5) He repeatedly states that he's not ruling on whether it's a good law, and that the people can throw the bums who wrote this law out if they (the people) don't like the law. In fact, that's the note on which he ends the decision, the last thing he wants to leave you with. Again, ask yourself why.

What scenario can you come up with that explains all those points?

What if the Chief Justice, who has been a consistent conservative all along, far from going over to the dark side, is trying to protect the Court from being gutted by Obama and at the same time hoping that this decision will light a fire under opponents of the law and encourage them to throw the bums out and repeal the law? (Given the fact that Romney has raised over $4.6 million since the decision was announced Thursday, it's looking so far as if that gamble might just pay off!)

http://crybelovedcountry.com/2012/06/roberts-and-obamacare-what-just-happened/

Posted by Tobijah at June 30, 2012 08:49 PM
110. Tobijah,

You haven't read very many of Clarence Thomas' dissents or concurring opinions, have you? If you would like to learn what it means to be conservative, just read his writings...he makes Roberts look like Nancy Pelosi and Scalia look like John McCain.

Posted by doug at June 30, 2012 09:24 PM
111. If Romney wins the election, Roberts will be seen in a brighter light - as personality of the year, not only in Time Mag. but in conservative circles.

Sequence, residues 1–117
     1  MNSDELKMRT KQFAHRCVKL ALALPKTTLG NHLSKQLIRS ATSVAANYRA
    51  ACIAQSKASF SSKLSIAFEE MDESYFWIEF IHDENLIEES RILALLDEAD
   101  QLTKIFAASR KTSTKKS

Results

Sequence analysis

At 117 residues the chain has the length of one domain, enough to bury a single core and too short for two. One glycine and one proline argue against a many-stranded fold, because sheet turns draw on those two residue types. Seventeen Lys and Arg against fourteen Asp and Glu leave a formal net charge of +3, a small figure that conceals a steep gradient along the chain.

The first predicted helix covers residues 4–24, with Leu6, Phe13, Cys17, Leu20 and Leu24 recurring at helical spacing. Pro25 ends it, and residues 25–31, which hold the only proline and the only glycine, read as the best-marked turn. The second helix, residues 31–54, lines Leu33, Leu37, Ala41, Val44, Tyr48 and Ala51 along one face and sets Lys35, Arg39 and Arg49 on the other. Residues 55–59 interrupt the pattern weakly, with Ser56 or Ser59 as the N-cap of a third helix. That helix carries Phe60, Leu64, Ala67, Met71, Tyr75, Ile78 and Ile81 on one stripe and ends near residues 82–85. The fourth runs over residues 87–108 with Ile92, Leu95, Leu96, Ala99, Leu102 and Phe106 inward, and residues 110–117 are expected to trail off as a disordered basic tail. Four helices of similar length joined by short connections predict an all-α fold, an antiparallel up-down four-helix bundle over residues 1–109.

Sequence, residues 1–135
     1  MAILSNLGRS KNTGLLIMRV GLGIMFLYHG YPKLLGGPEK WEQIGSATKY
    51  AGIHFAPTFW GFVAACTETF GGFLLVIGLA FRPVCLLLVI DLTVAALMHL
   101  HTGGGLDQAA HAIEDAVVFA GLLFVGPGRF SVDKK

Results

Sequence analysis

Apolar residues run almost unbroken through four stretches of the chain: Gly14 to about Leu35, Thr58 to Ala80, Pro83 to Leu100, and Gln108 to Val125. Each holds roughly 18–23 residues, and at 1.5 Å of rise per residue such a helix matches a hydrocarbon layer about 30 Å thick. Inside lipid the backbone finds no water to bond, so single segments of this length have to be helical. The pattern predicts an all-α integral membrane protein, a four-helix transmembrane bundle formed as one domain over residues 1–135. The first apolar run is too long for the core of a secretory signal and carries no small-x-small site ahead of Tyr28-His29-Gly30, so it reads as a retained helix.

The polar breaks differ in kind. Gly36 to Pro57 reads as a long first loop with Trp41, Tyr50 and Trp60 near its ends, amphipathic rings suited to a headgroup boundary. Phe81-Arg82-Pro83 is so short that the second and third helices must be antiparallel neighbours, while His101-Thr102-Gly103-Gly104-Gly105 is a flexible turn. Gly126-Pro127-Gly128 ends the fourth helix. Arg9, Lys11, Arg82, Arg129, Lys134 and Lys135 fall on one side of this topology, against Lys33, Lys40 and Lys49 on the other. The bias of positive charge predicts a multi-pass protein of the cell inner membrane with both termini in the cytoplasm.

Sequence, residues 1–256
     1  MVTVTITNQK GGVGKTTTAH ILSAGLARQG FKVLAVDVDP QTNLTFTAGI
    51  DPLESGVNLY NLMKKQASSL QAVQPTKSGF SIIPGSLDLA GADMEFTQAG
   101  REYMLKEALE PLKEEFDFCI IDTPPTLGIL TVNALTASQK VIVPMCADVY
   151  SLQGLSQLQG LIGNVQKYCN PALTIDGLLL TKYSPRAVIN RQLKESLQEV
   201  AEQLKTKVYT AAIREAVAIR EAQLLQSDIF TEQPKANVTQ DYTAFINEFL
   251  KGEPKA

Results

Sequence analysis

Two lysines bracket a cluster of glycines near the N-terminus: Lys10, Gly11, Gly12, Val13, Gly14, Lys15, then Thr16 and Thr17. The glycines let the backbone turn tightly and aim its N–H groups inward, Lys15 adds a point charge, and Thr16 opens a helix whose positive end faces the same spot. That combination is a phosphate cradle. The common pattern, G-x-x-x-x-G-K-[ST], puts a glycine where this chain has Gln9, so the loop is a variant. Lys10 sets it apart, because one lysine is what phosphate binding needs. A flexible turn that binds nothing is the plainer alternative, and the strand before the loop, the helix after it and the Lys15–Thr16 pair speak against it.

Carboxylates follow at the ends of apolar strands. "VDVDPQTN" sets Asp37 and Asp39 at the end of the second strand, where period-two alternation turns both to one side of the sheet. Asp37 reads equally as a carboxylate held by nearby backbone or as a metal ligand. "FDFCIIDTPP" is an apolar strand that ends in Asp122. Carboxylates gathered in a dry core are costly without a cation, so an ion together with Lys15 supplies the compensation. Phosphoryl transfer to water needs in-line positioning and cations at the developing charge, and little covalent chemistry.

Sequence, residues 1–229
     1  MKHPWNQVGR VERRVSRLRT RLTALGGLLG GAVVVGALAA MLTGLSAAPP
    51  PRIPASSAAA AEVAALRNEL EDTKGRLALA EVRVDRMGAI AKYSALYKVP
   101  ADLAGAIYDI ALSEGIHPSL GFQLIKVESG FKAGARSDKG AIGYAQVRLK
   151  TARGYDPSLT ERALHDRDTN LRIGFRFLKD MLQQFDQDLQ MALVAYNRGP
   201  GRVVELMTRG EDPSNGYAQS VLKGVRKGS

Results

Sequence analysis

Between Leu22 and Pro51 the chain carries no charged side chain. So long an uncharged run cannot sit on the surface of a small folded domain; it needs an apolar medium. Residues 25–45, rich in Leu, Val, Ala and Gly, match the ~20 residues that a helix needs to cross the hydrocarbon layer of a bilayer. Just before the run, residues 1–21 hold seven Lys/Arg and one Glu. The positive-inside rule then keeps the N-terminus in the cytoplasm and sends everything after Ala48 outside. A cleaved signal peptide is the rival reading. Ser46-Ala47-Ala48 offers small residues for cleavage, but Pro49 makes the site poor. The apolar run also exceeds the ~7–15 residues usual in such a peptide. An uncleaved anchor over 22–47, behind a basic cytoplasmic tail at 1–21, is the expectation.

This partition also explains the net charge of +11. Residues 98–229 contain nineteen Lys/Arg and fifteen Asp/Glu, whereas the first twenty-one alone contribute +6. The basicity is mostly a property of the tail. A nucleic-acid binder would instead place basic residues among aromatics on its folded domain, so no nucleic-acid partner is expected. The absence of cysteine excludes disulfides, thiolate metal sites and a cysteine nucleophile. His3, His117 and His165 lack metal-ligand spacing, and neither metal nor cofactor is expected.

However, if the incumbent is reelected, Roberts will have that albatross around his neck.

What he has done has reenergize the Tea party and a microscope will out there to further digest the ACA aka the Health Care Redistribution Tax.

Posted by KDS at July 1, 2012 08:45 AM
112. KDS: If Romney wins the election, Roberts will be seen in a brighter light - as personality of the year, not only in Time Mag. but in conservative circles.

That's a damned shame, then. If any conservative changes his views of Roberts based on how an election turns out, then those conservatives are as bad as the liberals they loathe: putting some ancilliary ends before the means.

Realize that the Democrats are showing their true colors here: they said this should be upheld because it is not a tax, but rather, a commerce clause power with a penalty. The Court rejected their entire reasoning, and they couldn't care less, because they get to keep the ACA. For them, the ends is all that matters. For conservatives, the means matters, because the means -- if appropriate -- will lead to consistently good, fair, and free ends.

So changing your view of Roberts if Romney gets elected ... that's extraordinarily pathetic, frankly.

Tobijah: Step back and look at the big picture here

Let's!


1) We know that Obama threatened the Court in no uncertain terms-uphold this or else!